Jamie Oliver is all about winning, so it only makes sense that on Friday the celebrity chef teamed up with an organization that is championship or bust -- the New York Yankees.

Oliver's quest for victory isn't a game, though. He's out to change lives, campaigning to stop obesity and rid the world of unhealthy food. The culmination of a lot of hard work and planning was on Saturday, which he dubbed Food Revolution Day. To kick it off and raise awareness, Oliver stopped in the Bronx the day before to lend a hand to the Yankees Healthy Home Plate Program.

The team has partnered with Nourishing NYC to help students learn nutritious eating habits and provide the tools for a lifelong of healthy choices. The program is in its third year with chefs from Yankee Stadium serving as the educators and mentors. Oliver joined them on Friday to do some demonstrations and speak with the children who range from 12-15 years old. One of the highlights of the morning was showing them how to make a healthy breakfast, dubbed the "EggO-Mega Starter Sandwich.

"The Yankees Healthy Home Plate program is exactly what Food Revolution Day is all about -- passing on food knowledge and cooking skills to kids who need it," Oliver said.

The experience in New York City was a microcosm of what Oliver is trying to do all over the world. On Saturday, more than 650 cities in 60 countries participated in his Food Revolution Day in some form. The website for the event described it as "a chance for people who love food to come together to share information, talents and resources; to pass on their knowledge and highlight the world's food issues."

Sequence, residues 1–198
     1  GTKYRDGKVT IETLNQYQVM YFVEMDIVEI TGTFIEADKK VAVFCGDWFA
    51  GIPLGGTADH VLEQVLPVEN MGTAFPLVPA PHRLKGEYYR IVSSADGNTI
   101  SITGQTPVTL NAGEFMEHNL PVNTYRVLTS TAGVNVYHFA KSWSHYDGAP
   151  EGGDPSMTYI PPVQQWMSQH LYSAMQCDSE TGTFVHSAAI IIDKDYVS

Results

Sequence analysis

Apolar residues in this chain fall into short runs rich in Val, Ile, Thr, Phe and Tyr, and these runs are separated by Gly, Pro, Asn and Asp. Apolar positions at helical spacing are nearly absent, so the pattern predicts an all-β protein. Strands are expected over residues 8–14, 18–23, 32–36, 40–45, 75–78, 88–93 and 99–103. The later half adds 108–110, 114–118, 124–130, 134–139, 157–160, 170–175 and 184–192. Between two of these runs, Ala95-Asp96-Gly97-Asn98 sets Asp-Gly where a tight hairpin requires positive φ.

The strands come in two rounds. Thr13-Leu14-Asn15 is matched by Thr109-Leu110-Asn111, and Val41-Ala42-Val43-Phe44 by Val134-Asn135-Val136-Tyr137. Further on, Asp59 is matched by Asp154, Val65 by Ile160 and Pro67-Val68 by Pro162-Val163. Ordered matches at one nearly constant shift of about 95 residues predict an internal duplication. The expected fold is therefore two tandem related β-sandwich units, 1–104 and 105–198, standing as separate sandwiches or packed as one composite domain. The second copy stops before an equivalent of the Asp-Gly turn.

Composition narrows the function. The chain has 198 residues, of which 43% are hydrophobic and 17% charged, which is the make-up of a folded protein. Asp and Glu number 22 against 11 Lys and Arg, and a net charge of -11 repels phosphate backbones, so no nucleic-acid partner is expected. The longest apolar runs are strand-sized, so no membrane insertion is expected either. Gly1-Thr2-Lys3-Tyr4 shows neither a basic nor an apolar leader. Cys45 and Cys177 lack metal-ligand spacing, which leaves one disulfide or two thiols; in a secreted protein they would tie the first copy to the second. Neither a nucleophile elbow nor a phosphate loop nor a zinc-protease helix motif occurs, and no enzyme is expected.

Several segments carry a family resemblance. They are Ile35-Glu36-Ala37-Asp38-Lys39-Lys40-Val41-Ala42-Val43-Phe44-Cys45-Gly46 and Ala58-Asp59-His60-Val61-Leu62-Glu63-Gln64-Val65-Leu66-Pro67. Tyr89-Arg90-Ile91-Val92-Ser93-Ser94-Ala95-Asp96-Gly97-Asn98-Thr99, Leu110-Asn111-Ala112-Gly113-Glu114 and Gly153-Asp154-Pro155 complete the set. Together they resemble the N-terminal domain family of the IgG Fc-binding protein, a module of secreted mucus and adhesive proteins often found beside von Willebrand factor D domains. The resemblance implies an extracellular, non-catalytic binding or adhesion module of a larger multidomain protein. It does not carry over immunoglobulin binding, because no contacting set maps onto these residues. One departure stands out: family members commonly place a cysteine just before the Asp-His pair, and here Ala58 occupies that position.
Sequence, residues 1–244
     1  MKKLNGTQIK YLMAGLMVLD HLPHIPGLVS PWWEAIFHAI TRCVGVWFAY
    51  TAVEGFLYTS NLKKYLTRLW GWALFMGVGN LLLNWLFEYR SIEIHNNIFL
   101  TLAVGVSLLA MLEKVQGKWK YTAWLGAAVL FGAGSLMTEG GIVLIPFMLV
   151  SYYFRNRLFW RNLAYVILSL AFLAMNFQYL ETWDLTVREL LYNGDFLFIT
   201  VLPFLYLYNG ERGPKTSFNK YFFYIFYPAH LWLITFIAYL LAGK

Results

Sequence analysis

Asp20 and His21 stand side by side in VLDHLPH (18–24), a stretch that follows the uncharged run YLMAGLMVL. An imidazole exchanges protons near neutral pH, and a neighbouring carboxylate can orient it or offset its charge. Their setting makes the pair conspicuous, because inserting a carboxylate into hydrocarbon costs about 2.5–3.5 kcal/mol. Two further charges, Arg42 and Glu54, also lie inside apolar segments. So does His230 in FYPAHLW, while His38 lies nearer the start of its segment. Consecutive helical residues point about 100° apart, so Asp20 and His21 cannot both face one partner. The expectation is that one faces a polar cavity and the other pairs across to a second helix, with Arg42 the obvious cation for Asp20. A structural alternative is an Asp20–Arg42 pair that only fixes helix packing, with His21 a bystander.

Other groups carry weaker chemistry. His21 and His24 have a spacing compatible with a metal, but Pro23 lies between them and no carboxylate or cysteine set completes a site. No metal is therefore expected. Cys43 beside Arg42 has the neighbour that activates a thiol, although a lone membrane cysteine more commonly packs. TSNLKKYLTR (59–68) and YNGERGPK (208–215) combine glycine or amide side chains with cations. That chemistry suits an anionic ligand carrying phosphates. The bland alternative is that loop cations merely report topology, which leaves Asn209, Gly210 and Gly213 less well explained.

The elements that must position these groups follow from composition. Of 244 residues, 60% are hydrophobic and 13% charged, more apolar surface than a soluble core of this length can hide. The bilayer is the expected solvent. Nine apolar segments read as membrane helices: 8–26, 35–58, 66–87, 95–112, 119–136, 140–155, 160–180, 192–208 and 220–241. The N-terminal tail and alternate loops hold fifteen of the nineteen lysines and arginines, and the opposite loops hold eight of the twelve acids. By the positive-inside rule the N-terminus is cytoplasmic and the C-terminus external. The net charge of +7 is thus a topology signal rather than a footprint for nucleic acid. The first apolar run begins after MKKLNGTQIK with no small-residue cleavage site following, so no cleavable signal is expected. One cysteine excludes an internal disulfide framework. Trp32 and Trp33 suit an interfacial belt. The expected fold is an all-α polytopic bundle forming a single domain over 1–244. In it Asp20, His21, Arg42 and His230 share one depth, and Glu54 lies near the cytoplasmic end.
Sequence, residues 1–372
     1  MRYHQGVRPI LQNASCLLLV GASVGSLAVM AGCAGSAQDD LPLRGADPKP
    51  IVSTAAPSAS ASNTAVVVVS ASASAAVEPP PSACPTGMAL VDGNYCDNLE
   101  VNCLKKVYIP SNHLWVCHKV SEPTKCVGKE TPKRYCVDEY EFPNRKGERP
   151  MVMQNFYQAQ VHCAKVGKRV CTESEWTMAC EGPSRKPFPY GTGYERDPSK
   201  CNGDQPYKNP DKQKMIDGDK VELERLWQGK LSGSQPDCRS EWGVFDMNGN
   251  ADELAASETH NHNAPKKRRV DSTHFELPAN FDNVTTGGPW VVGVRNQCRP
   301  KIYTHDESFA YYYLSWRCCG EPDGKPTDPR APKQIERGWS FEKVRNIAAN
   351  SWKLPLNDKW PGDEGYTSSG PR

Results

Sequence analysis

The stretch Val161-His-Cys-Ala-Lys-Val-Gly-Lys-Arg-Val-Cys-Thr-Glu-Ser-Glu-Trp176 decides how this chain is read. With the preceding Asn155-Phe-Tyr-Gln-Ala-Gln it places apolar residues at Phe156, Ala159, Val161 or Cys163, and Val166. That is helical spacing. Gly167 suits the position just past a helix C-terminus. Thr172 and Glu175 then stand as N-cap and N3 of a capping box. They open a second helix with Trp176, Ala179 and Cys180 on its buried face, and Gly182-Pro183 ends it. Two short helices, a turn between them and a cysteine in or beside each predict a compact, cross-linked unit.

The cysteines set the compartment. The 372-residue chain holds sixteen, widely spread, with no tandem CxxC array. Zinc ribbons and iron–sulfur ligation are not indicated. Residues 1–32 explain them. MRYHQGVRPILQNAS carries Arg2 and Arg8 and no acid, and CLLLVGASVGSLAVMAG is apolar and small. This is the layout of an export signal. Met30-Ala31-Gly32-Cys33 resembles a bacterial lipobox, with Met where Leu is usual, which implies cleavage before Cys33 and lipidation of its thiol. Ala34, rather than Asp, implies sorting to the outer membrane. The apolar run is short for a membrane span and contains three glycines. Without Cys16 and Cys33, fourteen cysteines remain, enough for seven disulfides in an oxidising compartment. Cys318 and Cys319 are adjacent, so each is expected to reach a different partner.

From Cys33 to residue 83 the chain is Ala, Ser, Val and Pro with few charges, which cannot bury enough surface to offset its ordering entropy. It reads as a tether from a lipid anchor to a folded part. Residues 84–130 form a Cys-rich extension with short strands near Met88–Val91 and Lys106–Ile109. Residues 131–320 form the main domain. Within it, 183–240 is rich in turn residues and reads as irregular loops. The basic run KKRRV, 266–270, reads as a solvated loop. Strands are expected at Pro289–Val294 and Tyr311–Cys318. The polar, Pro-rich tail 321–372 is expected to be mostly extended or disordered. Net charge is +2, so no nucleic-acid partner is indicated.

Obesity has more than doubled over the past three decades worldwide and for the first time in history being overweight is killing more people than being underweight. The whole idea behind Food Revolution Day was to inspire change, no matter how small the level.

Oliver encouraged supporters to make a home-cooked meal, shop at a farmer's market or give a tour of the produce section at the super market. He wants communities to connect through schools, restaurants and other local businesses for an end goal of better food and education for everyone.

After the experience at Yankee Stadium, where he was honored with an embroidered logo chef's jacket and hat, Oliver went on The Today Show where he summed up the movement best: "We're standing up for real food."

-- Adam Watson is the food czar at ThePostGame. You can follow him on Twitter @AdamKWatson.

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